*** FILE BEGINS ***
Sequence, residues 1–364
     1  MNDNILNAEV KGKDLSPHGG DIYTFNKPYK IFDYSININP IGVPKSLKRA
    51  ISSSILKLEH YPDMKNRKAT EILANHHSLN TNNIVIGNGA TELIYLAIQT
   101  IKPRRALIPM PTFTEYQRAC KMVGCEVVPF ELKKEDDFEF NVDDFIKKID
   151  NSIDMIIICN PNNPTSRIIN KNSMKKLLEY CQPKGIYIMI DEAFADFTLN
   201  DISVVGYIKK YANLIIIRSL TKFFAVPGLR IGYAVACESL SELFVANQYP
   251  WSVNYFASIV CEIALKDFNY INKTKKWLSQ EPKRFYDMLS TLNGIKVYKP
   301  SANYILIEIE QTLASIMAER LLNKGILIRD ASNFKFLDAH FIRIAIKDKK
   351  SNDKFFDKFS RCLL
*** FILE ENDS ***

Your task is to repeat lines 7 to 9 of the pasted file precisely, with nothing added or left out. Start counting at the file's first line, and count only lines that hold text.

   251  WSVNYFASIV CEIALKDFNY INKTKKWLSQ EPKRFYDMLS TLNGIKVYKP
   301  SANYILIEIE QTLASIMAER LLNKGILIRD ASNFKFLDAH FIRIAIKDKK
   351  SNDKFFDKFS RCLL